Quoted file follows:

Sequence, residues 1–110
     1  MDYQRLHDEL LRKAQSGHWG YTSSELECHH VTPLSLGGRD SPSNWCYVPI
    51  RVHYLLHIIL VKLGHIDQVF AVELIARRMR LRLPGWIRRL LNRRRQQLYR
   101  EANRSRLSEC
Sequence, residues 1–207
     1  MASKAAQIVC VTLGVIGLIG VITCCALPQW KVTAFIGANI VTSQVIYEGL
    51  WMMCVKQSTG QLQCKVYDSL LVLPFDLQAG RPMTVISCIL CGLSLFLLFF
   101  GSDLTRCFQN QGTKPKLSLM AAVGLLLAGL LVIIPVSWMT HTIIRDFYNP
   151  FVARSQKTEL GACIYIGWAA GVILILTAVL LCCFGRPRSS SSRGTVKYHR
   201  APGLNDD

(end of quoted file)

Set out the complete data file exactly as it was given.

Sequence, residues 1–110
     1  MDYQRLHDEL LRKAQSGHWG YTSSELECHH VTPLSLGGRD SPSNWCYVPI
    51  RVHYLLHIIL VKLGHIDQVF AVELIARRMR LRLPGWIRRL LNRRRQQLYR
   101  EANRSRLSEC
Sequence, residues 1–207
     1  MASKAAQIVC VTLGVIGLIG VITCCALPQW KVTAFIGANI VTSQVIYEGL
    51  WMMCVKQSTG QLQCKVYDSL LVLPFDLQAG RPMTVISCIL CGLSLFLLFF
   101  GSDLTRCFQN QGTKPKLSLM AAVGLLLAGL LVIIPVSWMT HTIIRDFYNP
   151  FVARSQKTEL GACIYIGWAA GVILILTAVL LCCFGRPRSS SSRGTVKYHR
   201  APGLNDD